Blankenshp also had to defend his residence, which he established in Las Vegas during his 2016 trial. “I pay probably more taxes than anyone on this stage to West Virginia,” he said.

The moderators asked a followup. “If Joe Manchin comes at you for living in Nevada, what do you say?”

Blankenship: “That he’s been living in D.C. for too long.”

Opioid crisis question

Both Morrisey and Jenkins also took questions about their roles in West Virginia’s greatest current crisis — the opioid epidemic that has ravaged the state.

Morrisey was asked about how his office’s lawsuits against pharmaceutical companies square with his own history as a lobbyist and his wife’s work for a lobbying company representing Cardinal Health, one of the big pharmaceutical companies.

Morrisey responded that the Attorney General’s office has gone after the pharmaceutical industry aggressively.

And Jenkins was asked to defend his record as the congressman representing the region of the state hardest hit by the opioid epidemic. “What makes you think you deserve a promotion when the district you represent is Ground Zero for the opioid crisis?” the moderators asked.

Jenkins cited his work with Lily’s Place in Huntington and then fired on Morrisey, turning back to the Attorney General’s lobbying history and his wife’s work in Washington, D.C.

“There Evan goes yet again,” Morrisey said, claiming Jenkins was misrepresenting his record. “Did your mom ever wash your mouth out with soap for those lies?”

McConnell as majority leader

Each of the candidates was asked if they would support Mitch McConnell, R-Ky., to continue as Senate majority leader.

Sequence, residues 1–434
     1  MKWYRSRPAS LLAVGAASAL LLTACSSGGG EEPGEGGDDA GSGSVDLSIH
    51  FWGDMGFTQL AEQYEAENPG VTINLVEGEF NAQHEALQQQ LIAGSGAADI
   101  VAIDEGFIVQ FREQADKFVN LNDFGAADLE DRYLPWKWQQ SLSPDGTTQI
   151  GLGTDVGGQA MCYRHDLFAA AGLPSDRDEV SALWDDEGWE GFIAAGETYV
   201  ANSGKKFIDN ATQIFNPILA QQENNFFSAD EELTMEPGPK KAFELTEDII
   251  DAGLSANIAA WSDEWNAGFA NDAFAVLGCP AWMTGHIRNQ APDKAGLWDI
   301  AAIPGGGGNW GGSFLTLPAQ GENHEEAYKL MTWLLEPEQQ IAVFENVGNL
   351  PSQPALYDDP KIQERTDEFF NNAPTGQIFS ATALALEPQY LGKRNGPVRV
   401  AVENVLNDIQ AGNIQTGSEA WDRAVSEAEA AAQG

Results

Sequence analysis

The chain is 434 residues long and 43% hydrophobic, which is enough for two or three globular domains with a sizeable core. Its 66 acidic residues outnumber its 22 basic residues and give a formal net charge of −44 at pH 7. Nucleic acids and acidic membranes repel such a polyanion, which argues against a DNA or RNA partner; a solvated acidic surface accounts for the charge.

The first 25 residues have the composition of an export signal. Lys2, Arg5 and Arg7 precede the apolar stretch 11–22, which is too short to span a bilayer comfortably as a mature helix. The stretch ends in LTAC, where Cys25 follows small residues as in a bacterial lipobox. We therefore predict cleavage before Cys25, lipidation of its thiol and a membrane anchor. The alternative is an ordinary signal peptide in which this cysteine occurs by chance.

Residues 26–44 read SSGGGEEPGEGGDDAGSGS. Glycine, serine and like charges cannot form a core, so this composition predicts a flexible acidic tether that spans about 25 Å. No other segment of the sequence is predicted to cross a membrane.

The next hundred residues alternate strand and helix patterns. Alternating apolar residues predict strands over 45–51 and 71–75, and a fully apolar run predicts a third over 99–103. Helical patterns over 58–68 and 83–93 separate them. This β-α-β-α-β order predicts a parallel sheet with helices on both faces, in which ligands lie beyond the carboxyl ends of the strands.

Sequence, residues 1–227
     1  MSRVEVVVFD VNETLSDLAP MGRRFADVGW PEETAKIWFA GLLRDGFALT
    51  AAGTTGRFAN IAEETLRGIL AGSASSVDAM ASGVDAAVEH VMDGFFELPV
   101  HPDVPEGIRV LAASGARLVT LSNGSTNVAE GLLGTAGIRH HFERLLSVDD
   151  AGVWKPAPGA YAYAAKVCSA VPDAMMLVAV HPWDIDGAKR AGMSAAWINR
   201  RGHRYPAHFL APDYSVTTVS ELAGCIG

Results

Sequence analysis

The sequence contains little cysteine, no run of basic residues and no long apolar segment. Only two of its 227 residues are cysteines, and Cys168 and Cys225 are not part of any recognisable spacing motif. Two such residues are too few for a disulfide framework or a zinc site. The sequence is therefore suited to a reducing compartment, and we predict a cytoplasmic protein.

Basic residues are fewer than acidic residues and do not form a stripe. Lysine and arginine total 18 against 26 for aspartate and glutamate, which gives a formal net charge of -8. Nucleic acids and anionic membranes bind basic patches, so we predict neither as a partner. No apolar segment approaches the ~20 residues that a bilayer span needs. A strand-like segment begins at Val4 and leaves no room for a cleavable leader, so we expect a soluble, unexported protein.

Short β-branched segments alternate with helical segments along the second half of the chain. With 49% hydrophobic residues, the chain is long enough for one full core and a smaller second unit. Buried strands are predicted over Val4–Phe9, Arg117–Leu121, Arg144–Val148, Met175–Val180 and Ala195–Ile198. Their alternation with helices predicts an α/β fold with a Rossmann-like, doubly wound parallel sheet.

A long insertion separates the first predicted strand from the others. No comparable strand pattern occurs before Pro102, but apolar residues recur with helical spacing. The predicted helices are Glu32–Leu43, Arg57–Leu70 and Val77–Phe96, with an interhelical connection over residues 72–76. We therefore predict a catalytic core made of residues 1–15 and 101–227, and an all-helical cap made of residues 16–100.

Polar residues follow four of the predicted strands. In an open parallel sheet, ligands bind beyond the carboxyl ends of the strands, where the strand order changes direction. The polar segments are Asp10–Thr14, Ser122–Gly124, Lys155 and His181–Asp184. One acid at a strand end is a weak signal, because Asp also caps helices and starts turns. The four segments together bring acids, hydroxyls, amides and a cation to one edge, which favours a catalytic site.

Blankenship ducked down behind his podium.

Jenkins and Morrisey did not raise their hands to demonstrate support for McConnell.

Blankenship has been targeted with advertisements by national Republicans who believe he carries too much baggage to win a campaign against Manchin. So Blankenship fired back this week with an ad with a tenuous connection to McConnell and a drug raid on a boat owned by the family of McConnell’s wife.

“If you are elected and Mitch McConnell is the majority leader, how will you get anything done?” Baier asked Blankenship.

“First of all, he won’t be the majority leader. Next, I’d like to clarify. Both of these guys are lying,” Blankenship responded, saying Jenkins and Morrisey couldn’t claim to drain the swamp while also not knowing if they would back McConnell as majority leader.

“I don’t intend to go to D.C. to get along. I intend to make a difference,” Blankenship said.

The Democratic Party in West Virginia responded with a series of statements after the debate ended. The Democrats focused on Morrisey and Blankenship.

“Tonight’s debate exposed Evan Jenkins and Patrick Morrisey for who they are: former special interest lobbyists that cut deals to help themselves, and now they want to swim in the D.C. swamp,” stated Democratic Party Chairwoman Belinda Biafore.

The Democratic Party did agree with Blankenship on one matter: “West Virginians watching this understand why West Virginians must ditch Mitch in 2018.”